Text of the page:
Rachel Long, Youth Minister

Wednesday, January 24, 2018

Awakening in Darknenss

     This morning a group that I am a part of had to be cancelled due to so much illness.  My daughter is not well and all three of her children are sick.  One friend just fell down the steps in a rush - in fact has done that more than once recently.  Another friend just lost her mother after a long illness.  I too have gone through a few dark days sampling various viruses.  When I am sick, other dark areas in my life are revealed to me.  Maybe I am slowed down enough to see them. 
     I do not believe that God strikes us with illness or brings on calamity but I do believe that sometimes, that is the only time that we will really listen.  We like to believe that we have all in control.  Isaiah is made ready for God by having his lips touched by a burning coal.  John Collins, the author of EFM's first year text wonders, "is the human condition only  purified by the painful and radical remedy of burning?"  Think about your own life.  What periods of your life in looking back have caused you to grow spiritually?  For me and most people that I know - it is the dark times.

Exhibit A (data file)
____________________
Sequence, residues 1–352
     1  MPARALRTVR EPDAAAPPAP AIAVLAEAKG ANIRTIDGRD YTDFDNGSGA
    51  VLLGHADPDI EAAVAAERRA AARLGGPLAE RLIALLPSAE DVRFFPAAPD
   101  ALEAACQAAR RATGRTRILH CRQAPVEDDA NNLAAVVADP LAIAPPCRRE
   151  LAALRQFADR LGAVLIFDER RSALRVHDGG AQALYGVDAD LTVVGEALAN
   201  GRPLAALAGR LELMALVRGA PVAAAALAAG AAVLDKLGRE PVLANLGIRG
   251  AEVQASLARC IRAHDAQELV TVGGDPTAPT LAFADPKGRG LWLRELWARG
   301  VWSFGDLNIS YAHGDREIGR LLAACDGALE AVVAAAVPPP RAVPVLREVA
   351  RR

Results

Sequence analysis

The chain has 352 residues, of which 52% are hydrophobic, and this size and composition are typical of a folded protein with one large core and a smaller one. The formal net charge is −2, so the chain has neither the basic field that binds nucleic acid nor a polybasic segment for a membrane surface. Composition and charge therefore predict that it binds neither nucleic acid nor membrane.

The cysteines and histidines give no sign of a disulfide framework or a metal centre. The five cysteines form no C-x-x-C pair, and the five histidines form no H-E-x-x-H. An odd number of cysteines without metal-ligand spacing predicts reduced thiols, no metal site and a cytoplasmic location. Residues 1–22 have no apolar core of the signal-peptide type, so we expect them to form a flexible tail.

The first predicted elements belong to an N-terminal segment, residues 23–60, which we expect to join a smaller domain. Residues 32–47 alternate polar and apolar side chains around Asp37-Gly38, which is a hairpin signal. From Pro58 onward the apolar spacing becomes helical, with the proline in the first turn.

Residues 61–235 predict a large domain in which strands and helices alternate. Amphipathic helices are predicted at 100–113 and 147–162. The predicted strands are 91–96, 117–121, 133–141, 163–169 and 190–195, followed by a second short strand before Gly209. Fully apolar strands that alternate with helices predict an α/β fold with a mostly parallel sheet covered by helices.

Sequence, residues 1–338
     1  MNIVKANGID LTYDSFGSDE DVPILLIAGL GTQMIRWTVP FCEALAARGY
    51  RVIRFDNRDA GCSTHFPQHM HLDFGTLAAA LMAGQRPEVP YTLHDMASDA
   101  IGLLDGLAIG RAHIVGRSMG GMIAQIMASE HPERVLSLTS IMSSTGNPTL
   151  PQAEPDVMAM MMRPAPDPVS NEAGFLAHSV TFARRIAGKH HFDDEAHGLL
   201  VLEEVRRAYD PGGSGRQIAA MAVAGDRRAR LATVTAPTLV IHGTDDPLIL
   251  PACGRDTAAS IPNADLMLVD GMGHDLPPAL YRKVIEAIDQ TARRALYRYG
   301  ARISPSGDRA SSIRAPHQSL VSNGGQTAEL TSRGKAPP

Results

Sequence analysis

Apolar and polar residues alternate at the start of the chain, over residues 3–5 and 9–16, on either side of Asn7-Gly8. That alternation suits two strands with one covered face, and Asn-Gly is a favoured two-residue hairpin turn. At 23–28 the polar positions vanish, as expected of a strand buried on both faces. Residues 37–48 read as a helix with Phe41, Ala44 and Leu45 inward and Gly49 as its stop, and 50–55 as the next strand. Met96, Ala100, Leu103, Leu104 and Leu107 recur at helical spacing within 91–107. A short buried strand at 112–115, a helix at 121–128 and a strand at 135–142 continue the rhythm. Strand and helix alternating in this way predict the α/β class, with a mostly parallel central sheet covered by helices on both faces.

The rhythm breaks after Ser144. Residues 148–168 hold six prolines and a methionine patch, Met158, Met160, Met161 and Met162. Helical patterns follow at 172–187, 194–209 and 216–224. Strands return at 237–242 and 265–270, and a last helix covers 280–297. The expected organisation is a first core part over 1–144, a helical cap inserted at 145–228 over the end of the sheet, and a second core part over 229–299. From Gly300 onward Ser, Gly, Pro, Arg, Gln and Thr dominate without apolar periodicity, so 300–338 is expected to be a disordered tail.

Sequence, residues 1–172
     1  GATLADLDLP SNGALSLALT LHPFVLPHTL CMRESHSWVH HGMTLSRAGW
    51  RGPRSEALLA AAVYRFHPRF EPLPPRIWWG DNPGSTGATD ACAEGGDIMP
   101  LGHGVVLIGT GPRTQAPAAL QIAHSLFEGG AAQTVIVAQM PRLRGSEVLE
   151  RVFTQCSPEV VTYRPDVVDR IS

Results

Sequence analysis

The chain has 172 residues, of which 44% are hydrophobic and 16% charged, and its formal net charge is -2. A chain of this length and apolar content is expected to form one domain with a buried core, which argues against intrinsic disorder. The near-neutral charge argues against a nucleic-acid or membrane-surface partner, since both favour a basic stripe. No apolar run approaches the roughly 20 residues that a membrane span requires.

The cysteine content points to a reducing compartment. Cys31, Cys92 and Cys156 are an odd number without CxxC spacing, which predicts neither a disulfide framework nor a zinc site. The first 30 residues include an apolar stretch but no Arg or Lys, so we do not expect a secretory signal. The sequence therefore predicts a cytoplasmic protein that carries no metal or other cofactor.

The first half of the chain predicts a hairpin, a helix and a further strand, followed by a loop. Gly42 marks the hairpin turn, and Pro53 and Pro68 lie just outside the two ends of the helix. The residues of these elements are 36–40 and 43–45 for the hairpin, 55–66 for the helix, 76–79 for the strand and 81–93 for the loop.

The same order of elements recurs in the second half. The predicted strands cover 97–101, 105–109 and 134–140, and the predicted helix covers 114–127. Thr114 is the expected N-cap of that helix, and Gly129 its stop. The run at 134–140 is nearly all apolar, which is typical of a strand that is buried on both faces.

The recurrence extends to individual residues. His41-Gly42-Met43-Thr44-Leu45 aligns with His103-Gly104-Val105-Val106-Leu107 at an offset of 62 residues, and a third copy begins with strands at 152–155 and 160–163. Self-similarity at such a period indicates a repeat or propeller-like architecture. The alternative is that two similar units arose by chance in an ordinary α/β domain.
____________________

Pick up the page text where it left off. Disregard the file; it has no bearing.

Sometimes, just as many of our biblical friends, I want to hear simply what I want to hear.  I think that I am hearing God when it is really my own ego talking.  The hard and beautiful messages of God have only sunk in when I am perhaps laid out sick, going through grief, experiencing some great disappointment, or depression has hit.  Those are the times when I am faced with myself.  I am out of control and I can only turn to God. 
     If illness or some other darkness has visited you recently, I challenge you to welcome it.  Then listen, watch, and trust that the God of life is there whispering.  Perhaps transformation is knocking.